5 Things You Should Know about Taxes and Your New Baby
Congratulations on your new arrival! Your new baby is entering a world filled with opportunities and wonder, but also with complex money issues and expenses that can be overwhelming. Here are five things you need to know!
Get Started Early
Time for a reality check: If your new baby doesn’t eat much or cause any major damage to your house or car in his teen years, the US Department of Agriculture (USDA) says you will spend approximately $140,000 to $280,000 on him by the time he turns 17. And then there is college. (You can find your state’s current college finance rates at BankRate.com. These statistics are kept up-to-date and culled annually from the USDA’s yearly report.)
In many ways, then, your child is the most important investment you’ll ever make. The degree to which you embrace the fiscal realities of nurturing a new life into adulthood is the degree to which you will survive the process emotionally and financially intact. Whether or not you let your kid host a party or drive your car is, of course, up to you.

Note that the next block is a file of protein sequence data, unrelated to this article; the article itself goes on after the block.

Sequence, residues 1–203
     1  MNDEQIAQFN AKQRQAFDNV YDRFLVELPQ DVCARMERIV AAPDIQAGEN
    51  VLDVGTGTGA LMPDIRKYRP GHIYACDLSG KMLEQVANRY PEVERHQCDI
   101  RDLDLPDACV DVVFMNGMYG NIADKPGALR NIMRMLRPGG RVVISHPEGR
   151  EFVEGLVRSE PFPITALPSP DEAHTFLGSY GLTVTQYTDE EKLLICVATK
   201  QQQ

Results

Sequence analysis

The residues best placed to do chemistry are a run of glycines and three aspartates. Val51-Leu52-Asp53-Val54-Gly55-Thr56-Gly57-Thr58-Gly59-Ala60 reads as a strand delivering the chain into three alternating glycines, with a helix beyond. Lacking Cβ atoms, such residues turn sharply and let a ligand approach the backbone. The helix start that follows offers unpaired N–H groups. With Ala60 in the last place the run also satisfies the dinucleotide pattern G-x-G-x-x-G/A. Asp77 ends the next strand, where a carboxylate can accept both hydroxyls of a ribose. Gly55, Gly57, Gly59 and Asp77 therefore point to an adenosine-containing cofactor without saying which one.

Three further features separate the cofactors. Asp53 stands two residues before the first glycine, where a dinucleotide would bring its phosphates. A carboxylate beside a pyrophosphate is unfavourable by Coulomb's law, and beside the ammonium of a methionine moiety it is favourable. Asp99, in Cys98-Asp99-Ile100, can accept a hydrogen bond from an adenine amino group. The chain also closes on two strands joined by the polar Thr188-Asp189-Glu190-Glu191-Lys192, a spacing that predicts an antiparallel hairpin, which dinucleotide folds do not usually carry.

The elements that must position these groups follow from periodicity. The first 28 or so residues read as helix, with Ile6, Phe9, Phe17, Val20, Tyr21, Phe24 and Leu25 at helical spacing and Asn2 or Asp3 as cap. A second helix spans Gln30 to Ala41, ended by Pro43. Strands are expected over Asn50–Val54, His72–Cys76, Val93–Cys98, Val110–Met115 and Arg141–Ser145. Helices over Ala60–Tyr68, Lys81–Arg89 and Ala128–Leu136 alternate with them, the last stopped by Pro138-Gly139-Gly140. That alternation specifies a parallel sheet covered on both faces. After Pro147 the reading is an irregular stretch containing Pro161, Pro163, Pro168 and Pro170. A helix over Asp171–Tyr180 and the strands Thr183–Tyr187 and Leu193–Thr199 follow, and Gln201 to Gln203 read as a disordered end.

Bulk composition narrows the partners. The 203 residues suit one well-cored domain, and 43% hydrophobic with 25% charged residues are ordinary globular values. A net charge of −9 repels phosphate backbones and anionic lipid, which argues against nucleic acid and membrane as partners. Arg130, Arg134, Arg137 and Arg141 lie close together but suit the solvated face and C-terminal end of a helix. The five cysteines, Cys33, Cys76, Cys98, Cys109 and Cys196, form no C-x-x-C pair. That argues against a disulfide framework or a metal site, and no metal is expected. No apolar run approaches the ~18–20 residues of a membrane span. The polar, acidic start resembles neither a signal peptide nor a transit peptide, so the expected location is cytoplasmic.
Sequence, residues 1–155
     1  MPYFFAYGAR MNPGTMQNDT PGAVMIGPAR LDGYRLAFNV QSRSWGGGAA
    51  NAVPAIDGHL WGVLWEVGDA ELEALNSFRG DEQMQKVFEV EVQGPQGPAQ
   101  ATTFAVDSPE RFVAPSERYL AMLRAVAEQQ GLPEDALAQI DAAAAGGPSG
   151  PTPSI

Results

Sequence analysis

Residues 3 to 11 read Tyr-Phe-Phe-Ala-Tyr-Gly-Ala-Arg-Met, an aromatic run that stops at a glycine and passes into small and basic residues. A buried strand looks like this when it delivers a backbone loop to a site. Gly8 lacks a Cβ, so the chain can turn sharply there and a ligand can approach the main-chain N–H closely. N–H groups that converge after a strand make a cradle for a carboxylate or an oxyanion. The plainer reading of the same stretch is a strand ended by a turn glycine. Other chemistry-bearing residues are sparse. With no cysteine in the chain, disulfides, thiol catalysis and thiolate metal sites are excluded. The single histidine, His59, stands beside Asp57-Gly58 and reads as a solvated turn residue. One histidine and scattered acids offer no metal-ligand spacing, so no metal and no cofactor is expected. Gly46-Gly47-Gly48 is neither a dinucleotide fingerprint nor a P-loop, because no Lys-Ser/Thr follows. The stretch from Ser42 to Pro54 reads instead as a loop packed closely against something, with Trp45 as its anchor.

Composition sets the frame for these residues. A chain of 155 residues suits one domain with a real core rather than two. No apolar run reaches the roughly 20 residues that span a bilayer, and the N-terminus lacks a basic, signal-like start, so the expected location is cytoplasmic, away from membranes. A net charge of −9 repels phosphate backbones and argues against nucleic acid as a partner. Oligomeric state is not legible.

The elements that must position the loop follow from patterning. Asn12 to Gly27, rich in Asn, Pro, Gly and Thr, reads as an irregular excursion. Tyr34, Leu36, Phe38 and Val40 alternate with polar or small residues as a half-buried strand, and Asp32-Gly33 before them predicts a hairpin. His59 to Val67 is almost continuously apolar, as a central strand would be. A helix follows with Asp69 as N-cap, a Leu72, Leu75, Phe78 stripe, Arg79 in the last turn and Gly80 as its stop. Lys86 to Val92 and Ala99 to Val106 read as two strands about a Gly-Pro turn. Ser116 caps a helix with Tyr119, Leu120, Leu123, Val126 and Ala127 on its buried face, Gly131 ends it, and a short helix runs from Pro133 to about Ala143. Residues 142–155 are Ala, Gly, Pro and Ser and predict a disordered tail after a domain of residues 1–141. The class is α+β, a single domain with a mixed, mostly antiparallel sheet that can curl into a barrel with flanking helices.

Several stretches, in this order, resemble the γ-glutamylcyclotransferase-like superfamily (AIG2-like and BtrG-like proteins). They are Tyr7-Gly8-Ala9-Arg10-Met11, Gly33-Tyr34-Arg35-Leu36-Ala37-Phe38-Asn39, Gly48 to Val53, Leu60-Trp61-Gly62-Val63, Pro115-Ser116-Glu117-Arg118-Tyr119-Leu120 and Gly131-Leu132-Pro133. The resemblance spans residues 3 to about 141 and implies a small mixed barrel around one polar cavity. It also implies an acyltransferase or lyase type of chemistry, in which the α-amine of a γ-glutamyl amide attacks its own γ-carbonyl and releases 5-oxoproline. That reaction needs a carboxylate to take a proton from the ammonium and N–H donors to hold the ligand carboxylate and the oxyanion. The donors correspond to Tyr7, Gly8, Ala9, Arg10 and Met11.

Your joyous arrival is bringing more than just sleepless nights and doting grandparents. Your new baby enters a world filled with complex money issues and expenses that can be overwhelming. Here’s what every new parent should know about the money challenges and opportunities presented by a new arrival.
Given all the financial realities, it makes sense to think about money as soon as you make the decision to have a child. Many people set up a baby fund as soon as they know they are expecting (or are trying to become pregnant) so that they can slowly sock money away for the extra costs that will be associated with your new child’s early life.
Set up a money market account and begin depositing money every month. Think short and medium term—the expenses you will have to deal with before a child gets into school full time are varied and relentless. Working moms, be sure to check on your maternity leave benefits long before you actually have the baby—most plans will pay you 60 to 70 percent of your pay while you are gone. You’ll need to budget for that reality.
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